Somebody has to see the possibilities in order for there to be progress, but more important, somebody has to get stuck in the mud of change if we are to be able to pave the way for a better future. What were all the objections to the picture above in 1910?  Probably many people shaking their heads and feeling  confident that the horses in their barns were the best and only way for travel.  Every great bridge of progress had its celebrity naysayer and we all know how those turned out.

But how do we get people to embrace change?

I suppose that it happens like most changes do, over time.  As our right-brain fights with our left-brain, pulling up memories of past fears and delights in milliseconds, eventually, we imprint upon those neuro pathways the possibility that something  can exist.  And as the two sides begin to pull up that new data our “fight or flight” response isn’t activated and eventually we see things as they are, not as they felt in our memory.  That is why coming together to talk about change is so powerful.  If we can see someone else’s reality, then perhaps our neuro-response might be to just listen.  Then we can decide if their definition of “better” can be shared with ours.  And maybe, just in sharing information, a whole new definition can be created, together.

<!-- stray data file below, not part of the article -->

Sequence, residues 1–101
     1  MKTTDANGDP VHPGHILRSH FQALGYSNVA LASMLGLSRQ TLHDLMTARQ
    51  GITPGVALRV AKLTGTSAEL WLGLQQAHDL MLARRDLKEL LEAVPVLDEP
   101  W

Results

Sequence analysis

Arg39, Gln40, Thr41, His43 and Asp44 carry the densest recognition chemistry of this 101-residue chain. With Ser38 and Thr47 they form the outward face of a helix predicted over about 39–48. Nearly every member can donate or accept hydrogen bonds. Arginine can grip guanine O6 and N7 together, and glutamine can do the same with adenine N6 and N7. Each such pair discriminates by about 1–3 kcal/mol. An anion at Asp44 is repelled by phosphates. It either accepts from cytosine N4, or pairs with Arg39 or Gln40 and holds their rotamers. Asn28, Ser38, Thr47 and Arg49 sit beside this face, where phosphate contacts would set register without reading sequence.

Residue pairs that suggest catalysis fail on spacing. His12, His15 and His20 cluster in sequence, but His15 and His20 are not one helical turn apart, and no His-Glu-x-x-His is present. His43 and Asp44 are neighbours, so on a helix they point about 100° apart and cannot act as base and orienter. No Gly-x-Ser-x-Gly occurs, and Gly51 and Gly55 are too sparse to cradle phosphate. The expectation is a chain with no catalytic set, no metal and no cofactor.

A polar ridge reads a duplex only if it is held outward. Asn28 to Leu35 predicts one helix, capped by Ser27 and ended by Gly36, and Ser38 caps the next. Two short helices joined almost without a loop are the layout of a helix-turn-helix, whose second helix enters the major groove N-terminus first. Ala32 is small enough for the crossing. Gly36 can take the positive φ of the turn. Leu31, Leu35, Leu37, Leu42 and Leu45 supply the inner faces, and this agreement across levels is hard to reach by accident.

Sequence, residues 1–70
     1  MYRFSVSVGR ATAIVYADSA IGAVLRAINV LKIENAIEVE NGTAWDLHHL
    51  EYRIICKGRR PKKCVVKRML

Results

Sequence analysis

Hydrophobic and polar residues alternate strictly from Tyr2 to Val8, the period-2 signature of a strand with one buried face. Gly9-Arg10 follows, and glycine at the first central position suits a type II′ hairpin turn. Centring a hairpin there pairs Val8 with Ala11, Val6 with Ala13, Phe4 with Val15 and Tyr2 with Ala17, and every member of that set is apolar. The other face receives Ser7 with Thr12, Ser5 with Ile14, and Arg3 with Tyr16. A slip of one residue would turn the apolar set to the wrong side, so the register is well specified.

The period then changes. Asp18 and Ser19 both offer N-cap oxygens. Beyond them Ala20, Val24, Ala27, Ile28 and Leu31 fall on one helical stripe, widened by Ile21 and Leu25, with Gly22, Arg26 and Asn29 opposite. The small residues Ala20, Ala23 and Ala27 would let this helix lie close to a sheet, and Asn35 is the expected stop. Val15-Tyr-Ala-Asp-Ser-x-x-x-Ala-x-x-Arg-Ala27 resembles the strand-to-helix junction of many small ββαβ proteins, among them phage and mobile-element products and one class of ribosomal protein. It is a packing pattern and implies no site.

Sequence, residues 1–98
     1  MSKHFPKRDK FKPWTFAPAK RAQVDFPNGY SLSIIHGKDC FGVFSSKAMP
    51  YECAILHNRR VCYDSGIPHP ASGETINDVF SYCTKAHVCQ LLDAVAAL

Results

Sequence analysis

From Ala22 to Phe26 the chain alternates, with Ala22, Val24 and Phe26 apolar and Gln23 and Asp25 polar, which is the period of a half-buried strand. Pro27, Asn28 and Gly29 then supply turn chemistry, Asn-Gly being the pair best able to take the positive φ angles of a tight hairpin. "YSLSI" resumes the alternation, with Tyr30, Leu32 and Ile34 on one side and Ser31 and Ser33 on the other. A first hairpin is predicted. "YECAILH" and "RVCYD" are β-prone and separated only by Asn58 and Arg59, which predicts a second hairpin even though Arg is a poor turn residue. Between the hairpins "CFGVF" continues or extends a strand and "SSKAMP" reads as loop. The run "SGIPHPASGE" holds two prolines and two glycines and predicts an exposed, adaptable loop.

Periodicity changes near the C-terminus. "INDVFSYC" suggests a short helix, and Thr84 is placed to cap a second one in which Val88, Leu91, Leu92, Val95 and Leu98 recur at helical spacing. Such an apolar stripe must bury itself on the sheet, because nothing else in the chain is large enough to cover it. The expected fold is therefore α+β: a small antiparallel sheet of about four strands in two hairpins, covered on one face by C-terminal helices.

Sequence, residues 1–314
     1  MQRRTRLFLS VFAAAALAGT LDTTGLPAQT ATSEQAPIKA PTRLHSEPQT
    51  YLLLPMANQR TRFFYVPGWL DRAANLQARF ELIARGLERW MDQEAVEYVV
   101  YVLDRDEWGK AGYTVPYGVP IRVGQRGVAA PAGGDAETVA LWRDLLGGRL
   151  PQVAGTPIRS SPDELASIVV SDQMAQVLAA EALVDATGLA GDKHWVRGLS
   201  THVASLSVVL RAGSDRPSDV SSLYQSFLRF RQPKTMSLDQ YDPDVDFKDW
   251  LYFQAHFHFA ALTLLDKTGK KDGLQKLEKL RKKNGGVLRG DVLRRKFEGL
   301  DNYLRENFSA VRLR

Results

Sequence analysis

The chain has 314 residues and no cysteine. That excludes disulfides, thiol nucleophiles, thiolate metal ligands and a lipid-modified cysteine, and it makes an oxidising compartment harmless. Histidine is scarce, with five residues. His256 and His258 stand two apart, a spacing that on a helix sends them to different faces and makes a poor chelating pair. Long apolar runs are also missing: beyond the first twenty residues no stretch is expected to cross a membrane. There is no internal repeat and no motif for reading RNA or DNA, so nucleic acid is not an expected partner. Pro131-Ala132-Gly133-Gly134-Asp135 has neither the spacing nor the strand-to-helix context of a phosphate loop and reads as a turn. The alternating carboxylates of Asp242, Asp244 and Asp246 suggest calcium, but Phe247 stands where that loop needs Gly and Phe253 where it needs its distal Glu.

Change needs ideas, naysayers, collaboration, facts, emotions, and possibilities.

No one person can make change happen.  It takes a collective of ideas to make it take hold. I think that is why I like sharing images that delight me with so many people–even when I know that some of those people will lecture me about the impracticalities of what I have shared. I can see the forest in the distance because I am an innovator who embraces possibilities.  But without seeds being planted along the way there cannot be a tree let alone a forest.  But if I can light just one darkened memory to the possibility of a change, then I know that the change has already begun…and if that little baby has the possibility of spending an afternoon with someone she loved and lost, one day in the future, then those glasses cannot come soon enough for me.

How do you make change happen?

Maria Bereket is a  Marketing & Social Media Consultant. Her work is focused on bridging the gap in the digital divide, and her passion is working with small business and entrepreneurs because she feels that their work is going to change the world making it a better place to live. Follow @mbear88  or email
mbear88@gmail.com